What do you do for work and what are your day-to-day responsibilities?
I am the president and chief operating officer for Angel MedFlight Worldwide Air Ambulance, a fixed-wing Medical flight company that transports critically ill and injured patients to a higher level of care.
When patients cannot fly commercially due to ambulatory status or oxygen needs, and they consequently cannot traverse by ground ambulance, patients have the option of flying in medically configured jets equipped like an intensive care unit (ICU) at 40,000 feet. In addition to providing this valuable service, our teams help find insurance coverage for these flights and ensure patients get to healthcare centers of excellence around the country for things like life-saving organ transplants, traumatic brain injury or specialized surgery.
My day-to-day responsibilities consist of meeting with department leaders across clinical services, business development, operations, and patient advocacy to ensure our mission is consistent across all of our touchpoints and interactions with customers. My job is to think strategically and execute our long-term goals.
Our company navigates two highly regulated industries — health care and aviation. My job is to ensure our nurses and paramedics provide consistent care. It’s also to ensure logistically complex cases run seamlessly and that we are an extension of the brand of our hospital partners.
I also have the luxury of visiting many hospitals around the country and meeting with many of the patients and families that we serve.
How did your time at the UA prepare you to make networking connections and be successful as a professional?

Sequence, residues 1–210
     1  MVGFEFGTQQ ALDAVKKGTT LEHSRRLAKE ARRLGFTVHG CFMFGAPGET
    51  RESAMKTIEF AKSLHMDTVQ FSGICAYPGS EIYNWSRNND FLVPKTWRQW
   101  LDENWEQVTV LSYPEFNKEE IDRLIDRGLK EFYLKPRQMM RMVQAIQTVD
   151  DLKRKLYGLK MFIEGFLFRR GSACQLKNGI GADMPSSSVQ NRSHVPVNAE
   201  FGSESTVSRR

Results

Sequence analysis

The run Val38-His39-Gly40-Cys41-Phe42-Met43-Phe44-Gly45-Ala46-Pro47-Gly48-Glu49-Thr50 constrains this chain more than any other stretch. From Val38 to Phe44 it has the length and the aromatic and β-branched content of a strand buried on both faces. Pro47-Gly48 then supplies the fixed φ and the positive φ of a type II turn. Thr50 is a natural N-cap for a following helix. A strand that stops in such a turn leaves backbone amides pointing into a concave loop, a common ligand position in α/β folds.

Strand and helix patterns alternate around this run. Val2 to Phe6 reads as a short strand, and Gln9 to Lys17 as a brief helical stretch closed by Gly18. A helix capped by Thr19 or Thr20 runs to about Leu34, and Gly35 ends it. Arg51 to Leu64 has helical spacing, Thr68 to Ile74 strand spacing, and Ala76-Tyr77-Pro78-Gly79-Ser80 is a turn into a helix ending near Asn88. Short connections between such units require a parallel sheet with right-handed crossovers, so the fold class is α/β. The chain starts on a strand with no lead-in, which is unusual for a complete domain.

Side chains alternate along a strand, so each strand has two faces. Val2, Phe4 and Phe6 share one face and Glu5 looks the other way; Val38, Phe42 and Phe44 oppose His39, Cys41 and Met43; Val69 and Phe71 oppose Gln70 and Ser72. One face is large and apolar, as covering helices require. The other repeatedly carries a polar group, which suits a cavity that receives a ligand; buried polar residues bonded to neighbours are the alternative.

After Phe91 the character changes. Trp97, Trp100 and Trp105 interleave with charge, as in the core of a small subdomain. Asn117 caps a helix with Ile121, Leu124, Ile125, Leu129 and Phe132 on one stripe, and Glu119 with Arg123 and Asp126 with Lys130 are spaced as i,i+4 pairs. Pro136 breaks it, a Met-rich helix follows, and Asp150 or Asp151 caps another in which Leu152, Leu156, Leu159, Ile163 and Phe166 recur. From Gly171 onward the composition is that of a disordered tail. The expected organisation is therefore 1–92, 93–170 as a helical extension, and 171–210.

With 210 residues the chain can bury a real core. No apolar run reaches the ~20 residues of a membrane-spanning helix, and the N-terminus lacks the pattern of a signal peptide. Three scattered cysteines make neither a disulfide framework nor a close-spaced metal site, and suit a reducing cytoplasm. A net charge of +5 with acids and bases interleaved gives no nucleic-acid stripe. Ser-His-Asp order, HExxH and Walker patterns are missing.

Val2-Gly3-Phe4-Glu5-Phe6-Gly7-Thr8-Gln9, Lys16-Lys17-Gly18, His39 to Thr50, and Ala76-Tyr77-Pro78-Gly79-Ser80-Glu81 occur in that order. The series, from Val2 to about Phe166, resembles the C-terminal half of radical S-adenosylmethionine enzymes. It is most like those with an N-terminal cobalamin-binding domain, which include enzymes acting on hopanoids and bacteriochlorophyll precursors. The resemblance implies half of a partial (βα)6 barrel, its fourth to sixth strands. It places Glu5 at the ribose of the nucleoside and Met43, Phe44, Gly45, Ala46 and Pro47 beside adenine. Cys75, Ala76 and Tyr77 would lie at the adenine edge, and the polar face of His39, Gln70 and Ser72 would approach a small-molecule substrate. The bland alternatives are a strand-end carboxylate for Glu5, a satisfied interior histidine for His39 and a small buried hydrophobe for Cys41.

My time at the UA taught me the value of a network and each interaction I make, no matter how big or small. I’m in the business of healthcare and at some point, we all consume healthcare services. Whether it be from prior connections that I made from my undergraduate degree or even colleagues that I still chat with from my Eller MBA, I leverage my network to not only improve our company, but also impact those around us that we serve.
Both my degrees at the UA also taught me valuable communication skills. From my time in journalism and the business college, I’ve been fortunate enough to gain skills that allow me to communicate micro and macro themes to a wide audience, including staff, clients, patients and families. Being able to navigate a wide range of stakeholders and make complex problems easily digestible is something that I attribute to the things I learned while at the UA.
What is the best piece of career advice you have ever received?
If you want an opportunity, ask for it. The worst thing someone can say is “no.” Whether it be an opportunity to lead a cutting-edge project, asking for an early performance review, or inquiring if someone will mentor you in their field. Some of the best opportunities in my career came from having the courage and audacity to ask for a shot.